Your first draft is done!
And trust me when I say this, it is not ready to be published!
How do you know this? No one writes a perfect first draft. You don’t either. Before you let your mom, your best buddy or the pizza guy read this draft, make sure it’s the best you can make it.
Here are questions you can ask about this draft.
Go on! Take your time to think about it! Make notes! Each change you make will probably be for the better. And if you are serious about getting this published, then you’ll be far more marketable and competitive in this saturated markets. Your pizza guy? He probably won’t notice the changes precisely, but he probably will enjoy the pacing, characterization, and conflict. Make sure you tip him well.
Are there believable surprises in your story?
Your reader needs to be surprised, so think of ways to put the unexpected in. What if the sidekick decides to betray our main character? Or what if the getaway is interrupted by a car crash? What if the protagonist is recognized by the guard? Or what if the love interest is really that bully from her childhood? What if his food allergies give away his identity? It’s hard when you’ve read your work a million times to see a surprise (that’s where a beta reader could come in) but keep thinking! Surprises keep your readers turning pages long after they should be in bed!
Do the supporting characters contrast the main character enough in what they do or say?
When creating your cast of characters, think of the supporting cast as an ensemble. They should have different personality types, different life experiences, different points of view. And they should never get along perfectly. The main character could take turns listening to each one and yet changing his loyalties. What do you have in this draft? Consider each one carefully and make necessary changes.
Is every supporting character necessary?
Can you cut any out? When creating characters, think about variety and roles that each character plays. Just like our main character, each of the supporting cast should have desires and objectives. To make good conflict, you don’t want them to perfectly align with your protagonists. But if they are too similar, you may have a problem. If you have characters that are too much the same either make one an extreme exaggeration or eliminate one altogether.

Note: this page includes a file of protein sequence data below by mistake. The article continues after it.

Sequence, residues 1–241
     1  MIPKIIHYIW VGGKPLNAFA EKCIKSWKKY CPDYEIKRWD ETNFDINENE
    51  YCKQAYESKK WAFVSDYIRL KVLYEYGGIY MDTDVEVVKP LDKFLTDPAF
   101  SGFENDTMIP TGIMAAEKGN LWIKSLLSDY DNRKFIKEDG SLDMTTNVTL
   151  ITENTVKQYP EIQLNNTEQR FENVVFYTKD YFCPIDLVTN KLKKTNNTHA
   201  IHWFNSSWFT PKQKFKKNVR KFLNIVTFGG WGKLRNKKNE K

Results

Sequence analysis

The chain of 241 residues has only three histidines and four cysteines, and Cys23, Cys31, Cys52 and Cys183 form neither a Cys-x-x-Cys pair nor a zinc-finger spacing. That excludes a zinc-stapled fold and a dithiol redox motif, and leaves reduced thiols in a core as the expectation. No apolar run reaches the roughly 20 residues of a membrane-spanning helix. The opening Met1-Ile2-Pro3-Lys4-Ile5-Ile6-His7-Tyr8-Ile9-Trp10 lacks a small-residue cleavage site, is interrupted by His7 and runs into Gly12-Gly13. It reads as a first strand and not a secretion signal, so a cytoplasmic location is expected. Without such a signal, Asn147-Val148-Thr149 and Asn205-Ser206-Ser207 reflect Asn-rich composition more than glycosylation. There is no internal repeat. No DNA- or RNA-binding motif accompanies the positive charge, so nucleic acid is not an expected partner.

Do you have a subplot or two that can divert the reader from the main story, just for a moment?
A good subplot harmonizes with the main plot, it doesn’t compete with it. If you don’t have one in this draft, now’s the time to add one. That’s why a romantic subplot often works in books that aren’t necessarily romances. Cutting away to the subplot, right when the tension in the main plot is high, is a good strategic move for story telling. Your readers will be invested in both if you do this right, and they’ll keep reading.
Is your antagonist too much of a cartoon?
It’s really easy to take a villain and put a mustache, beard and black hat on him. You can do that in the first draft. But the more you make him like a cartoon the less serious he will be to your reader. Have you taken the worst of your antagonist and exaggerated it to the point of caricature? It may be better to work with their nuances, their personalities, and their worldview rather than their quest for “one meelion” dollars.
Is your antagonist’s objective clear?
Does it oppose your protagonist enough? Do you want to have your antagonist monolog to reveal all of their intentions to your good guy? Or would it come up some other way? Antagonist development is really important. The richer you make this conflict between him and the protagonist, the more interesting your story.
Is your dialogue distinctive between characters?
The voice between the characters should be so distinctive that you could remove the dialog tags and still know what’s going on. If you don’t see any distinction, this could mean that you have too many characters or too many that are alike. Consider merging a couple together or killing a few darlings.
What do all of the characters learn by the end?